If humans land on Mars by 2037 as NASA hopes, they'll need cities modeled on ones that already exist in extreme climates on Earth. Here are six high-tech (and a few low-tech) cities that would have a passing shot at survival in the Martian climate. Of course there are the obvious choices, like research stations in Antarctica. But there are other possibilities, like the instant city model developed at Black Rock City, home to arts festival Burning Man, which you can see here nestled in a Martian crater. And there are others potential Martian city models that might surprise you, like ones in Nunavut, Canada and in ancient Native American pueblos.
We've superimposed structures from Earth onto real Martian landscapes created by the Martian rovers and satellites orbiting Mars. You can see smaller photos of the original Earth structures next to each.
Black Rock City
Up top, you can see what Black Rock City, home to Burning Man, would look like in a Martian crater. Why this city? Erected swiftly every year in the barren playa of Black Rock Desert in Nevada, the city is like a beta test for instant colonies erected in harsh alien climates. People use vehicles and temporary buildings to shield themselves from extreme temperatures and sandstorms. Would it work on Mars? If the buildings could provide atmosphere, yes. A Martian colony will need fast, temporary housing and will also need to be profoundly careful with the ecosystem on the planet. So the Burning Man credo of "leave no trace," meaning leave no trash or non-environmentally appropriate items, will become the credo of Mars too.
Already there is an international program devoted to simulating life on Mars in the arctic region. And Kim Stanley Robinson, author of the Red Mars trilogy, spent several seasons in Antarctica to get a feel for what it would be like to live on Mars. Many researchers have speculated that the new high-tech Antarctic science station, pictured here on a Martian landscape, would be perfect for the frigid, windy climate on Mars. It's placed on hydraulic legs that can lift or lower the station so that winds can blow underneath the station, and snow (or on Mars, sand) doesn't get packed around the walls.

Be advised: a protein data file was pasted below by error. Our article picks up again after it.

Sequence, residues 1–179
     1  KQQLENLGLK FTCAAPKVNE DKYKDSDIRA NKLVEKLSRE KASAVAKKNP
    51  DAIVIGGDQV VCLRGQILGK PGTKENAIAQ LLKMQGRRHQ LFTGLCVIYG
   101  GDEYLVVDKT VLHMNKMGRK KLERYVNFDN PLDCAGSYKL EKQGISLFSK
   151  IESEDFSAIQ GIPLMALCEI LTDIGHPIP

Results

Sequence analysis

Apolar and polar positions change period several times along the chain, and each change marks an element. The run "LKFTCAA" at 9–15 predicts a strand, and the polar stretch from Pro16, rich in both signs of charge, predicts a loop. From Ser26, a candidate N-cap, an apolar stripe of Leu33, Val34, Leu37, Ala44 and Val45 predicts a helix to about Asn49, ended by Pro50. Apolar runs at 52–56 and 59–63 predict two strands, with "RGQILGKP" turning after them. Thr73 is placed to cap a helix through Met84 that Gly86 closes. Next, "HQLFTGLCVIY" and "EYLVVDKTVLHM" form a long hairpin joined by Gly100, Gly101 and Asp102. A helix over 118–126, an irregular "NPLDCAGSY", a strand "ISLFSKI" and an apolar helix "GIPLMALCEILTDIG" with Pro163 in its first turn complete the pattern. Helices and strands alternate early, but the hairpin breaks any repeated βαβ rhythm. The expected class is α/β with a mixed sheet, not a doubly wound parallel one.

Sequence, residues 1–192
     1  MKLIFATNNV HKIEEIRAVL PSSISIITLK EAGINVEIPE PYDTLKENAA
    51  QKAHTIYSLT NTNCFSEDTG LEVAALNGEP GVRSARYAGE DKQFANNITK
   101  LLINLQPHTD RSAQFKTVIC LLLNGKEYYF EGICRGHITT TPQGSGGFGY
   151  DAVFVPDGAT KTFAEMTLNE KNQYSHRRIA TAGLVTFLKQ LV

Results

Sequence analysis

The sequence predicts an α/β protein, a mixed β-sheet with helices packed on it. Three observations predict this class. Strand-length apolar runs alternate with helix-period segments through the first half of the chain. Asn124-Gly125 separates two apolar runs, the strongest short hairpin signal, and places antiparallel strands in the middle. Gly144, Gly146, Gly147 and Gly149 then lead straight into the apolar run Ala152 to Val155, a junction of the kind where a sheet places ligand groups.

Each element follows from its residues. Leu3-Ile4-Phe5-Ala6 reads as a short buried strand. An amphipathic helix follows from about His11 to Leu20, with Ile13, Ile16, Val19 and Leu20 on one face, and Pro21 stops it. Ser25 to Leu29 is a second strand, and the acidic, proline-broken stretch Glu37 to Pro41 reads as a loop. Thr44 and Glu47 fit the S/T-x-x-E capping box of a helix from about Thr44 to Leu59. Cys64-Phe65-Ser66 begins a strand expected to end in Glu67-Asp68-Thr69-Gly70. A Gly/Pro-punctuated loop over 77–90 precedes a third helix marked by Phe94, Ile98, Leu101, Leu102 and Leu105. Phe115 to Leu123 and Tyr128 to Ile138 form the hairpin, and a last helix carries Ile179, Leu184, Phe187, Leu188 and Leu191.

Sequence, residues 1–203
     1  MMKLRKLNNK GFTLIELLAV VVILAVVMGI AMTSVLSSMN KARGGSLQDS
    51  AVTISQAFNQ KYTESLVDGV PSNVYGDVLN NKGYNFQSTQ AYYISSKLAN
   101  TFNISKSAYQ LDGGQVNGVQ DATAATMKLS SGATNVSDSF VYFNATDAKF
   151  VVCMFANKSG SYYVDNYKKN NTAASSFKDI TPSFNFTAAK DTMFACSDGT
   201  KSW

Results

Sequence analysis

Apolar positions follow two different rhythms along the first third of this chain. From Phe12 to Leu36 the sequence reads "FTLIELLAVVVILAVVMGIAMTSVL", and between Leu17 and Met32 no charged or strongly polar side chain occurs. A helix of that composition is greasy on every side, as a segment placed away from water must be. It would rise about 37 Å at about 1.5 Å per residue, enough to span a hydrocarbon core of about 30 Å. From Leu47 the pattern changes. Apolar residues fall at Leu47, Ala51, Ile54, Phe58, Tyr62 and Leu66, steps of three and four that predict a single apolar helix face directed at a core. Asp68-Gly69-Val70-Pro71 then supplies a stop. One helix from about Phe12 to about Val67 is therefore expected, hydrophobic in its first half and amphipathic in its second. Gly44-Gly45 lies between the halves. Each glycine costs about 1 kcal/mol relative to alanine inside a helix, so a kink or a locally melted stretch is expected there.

The far-northern territory of Nunavut in Canada is an excellent analog for Mars. Cold and dry, the region is home to cities and peoples who are used to surviving the cold without the vast resources of a wealthy land like Dubai. Here, you can see the John Arnalukjuak School in a small city in Nunavut, which was built to withstand subzero temperatures while also using modest power. Low to the ground and insulated, the building is precisely the kind of shelter that would keep Martian kids of the future warm while they learn all about those weird old people from Earth.
Pueblos of United States and Mexico
The natives who lived in what later became Mexico and the United States built homes directly into rocky slopes, and later used clay to build vast, interconnected homes that stayed warm in winter and cool in summer. Small windows kept the worst of the desert wind out, and the thick clay walls provided excellent insulation. Obviously a pueblo alone wouldn't work as a Martian colony, but pueblo-style dwellings with atmospheric controls, low to the ground and interconnected, made from thick Martian clay, might be just the ticket for a Martian city.
Image spiffing by Stephanie Fox.
Image of the North American Pueblo at Taos by Bobak Ha'Eri. Image of Las Vegas by MattSims. Image of Nunavut school by eanoee. Image of Black Rock City from Incredimazing. Octal has a great set of photos of Dubai, including the one we used above that captures how much it is literally growing out of a barren desert.